I believe it is beneficial to desire anything too strongly. (Easier said than done.) Desire is a big part of human life and I am not against it. Desire is healthy. But it needs to be kept in check. Unchecked, strong desires often correlate with expectations: taking actions and expecting certain results. This can be troublesome when we take an un-characteristic action only to achieve an expected result.
I have found, in cases where I’m acting against my own nature in order to gain some expected result, two things happen: 1) It leads to the opposite of what I expected. 2) I’m more upset because I acted outside of my preferred self.
So how can we avoid acting in ways that conflict with the way we want to be? Temper desires and realize them for what they are. Instead of being a slave to your desires, cultivate a mindset that will reflect your values as you try to accomplish your goals. When you do this, the situations you face may become more likely to reflect your desires anyways (call it good karma.) This seems to work for me, although it can be tough. Desire be desire go!
Additional Reading: Wu Wei AKA Trying Not to Try
“The simplest answer is usually the correct one.”
A favorite rule of thumb of mine is Occam’s Razor, which was developed by William of Ockham in the 13th century. To summarize, it means when trying to understand why something occurs, don’t make the answer more complex than necessary. The simplest or most obvious solution is more often the best choice.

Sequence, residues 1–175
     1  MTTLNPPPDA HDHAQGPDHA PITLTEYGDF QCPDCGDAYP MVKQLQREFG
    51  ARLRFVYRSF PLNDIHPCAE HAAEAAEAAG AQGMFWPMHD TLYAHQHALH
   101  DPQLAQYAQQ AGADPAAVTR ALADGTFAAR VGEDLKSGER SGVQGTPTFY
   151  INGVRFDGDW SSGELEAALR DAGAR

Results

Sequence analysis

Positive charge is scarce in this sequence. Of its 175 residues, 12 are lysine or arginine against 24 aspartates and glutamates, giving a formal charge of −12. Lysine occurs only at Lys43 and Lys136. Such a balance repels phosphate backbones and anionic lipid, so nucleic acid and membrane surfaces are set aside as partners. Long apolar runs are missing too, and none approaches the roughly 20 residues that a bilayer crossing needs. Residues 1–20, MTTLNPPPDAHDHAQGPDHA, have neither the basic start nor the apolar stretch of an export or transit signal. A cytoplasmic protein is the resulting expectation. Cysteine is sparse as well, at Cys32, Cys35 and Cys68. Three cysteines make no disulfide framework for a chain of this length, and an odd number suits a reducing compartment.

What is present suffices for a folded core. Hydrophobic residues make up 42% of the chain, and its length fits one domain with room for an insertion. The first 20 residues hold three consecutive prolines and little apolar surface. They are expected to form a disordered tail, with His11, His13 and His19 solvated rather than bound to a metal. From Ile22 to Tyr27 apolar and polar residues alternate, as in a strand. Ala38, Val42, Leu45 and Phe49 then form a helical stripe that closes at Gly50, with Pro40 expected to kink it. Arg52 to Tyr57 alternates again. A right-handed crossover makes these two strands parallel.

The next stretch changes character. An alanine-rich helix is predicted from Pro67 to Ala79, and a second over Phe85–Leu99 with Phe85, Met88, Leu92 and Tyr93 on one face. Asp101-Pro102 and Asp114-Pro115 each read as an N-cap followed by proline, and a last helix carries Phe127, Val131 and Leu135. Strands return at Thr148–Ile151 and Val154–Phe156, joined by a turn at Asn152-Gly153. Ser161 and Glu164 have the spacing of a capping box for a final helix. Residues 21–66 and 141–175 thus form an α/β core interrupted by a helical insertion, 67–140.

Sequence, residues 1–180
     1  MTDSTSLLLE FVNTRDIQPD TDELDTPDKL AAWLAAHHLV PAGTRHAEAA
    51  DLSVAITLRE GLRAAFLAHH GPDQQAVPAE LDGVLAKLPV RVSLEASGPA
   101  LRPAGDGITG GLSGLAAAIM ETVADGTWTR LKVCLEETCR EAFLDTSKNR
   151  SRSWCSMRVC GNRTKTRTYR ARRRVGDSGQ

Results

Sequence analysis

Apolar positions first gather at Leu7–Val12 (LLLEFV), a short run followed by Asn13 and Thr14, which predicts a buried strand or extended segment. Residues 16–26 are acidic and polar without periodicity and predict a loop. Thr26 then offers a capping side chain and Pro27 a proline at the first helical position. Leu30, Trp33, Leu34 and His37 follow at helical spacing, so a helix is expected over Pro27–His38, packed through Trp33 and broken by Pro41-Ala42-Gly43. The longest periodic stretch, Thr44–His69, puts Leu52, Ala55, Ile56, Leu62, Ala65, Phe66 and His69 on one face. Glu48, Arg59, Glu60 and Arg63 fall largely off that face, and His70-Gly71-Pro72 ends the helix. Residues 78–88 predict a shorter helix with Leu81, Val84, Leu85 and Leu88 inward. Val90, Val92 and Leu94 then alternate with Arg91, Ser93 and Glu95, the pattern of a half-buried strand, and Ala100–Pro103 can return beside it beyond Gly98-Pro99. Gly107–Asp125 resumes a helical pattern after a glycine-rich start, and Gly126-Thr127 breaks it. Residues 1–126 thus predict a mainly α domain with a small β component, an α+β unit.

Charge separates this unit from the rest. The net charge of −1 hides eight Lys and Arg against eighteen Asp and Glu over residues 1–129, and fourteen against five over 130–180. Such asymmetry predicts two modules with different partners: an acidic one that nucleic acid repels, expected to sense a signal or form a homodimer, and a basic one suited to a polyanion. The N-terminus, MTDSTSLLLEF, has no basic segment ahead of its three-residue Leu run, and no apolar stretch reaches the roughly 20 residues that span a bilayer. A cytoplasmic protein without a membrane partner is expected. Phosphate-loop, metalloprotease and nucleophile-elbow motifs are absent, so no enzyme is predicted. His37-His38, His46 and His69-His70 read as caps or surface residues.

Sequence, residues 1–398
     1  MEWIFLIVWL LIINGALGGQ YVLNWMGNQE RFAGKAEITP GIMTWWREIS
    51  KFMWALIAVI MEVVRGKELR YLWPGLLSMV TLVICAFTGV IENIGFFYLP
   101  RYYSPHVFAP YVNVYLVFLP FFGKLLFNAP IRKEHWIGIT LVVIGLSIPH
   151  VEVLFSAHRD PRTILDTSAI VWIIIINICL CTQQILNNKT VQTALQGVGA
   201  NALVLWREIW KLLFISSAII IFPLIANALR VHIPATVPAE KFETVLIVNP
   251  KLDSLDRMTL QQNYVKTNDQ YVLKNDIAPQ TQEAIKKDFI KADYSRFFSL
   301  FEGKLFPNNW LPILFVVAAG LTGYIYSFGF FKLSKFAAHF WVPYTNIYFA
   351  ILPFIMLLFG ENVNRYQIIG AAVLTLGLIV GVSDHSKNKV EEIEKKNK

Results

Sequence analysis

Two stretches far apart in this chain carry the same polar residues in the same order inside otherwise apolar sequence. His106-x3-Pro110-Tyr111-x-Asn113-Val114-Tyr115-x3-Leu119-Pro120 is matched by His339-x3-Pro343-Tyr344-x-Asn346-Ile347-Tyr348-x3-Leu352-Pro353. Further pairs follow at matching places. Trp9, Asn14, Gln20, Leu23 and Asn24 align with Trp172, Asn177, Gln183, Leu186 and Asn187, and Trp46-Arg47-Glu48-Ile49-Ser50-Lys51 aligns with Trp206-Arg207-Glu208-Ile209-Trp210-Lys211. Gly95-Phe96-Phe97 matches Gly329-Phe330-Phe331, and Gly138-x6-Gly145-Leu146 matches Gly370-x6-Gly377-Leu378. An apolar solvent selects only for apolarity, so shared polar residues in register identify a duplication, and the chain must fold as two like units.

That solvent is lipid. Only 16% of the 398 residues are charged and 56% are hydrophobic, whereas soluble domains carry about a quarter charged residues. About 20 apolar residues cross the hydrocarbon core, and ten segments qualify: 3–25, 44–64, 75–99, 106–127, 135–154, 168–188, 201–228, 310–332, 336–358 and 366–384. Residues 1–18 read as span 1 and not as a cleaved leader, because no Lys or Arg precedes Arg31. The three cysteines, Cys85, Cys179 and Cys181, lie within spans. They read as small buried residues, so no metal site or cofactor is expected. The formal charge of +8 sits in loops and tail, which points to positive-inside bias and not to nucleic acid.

This principle is not bulletproof and does not apply to everything. But I think it serves as a reminder not to complicate things for ourselves beyond necessity. You can read examples of Occam’s Razor applied to real life situations here. A favorite story of mine, the Russian/American space pen myth also demonstrates applying it to problem-solving, although it is not true:
When NASA started sending astronauts into space, they quickly discovered that ball-point pens would not work in zero gravity. To combat this problem, NASA scientists spent a decade and $12 billion developing a pen that writes in zero gravity, upside-down, on almost any surface including glass and at temperatures ranging from below freezing to over 300 C. The Russians used a pencil.
Seeing and understanding the world clearly leads to better decisions and better living. Remembering Occam’s Razor can help us cut away complexity whenever life confuses us.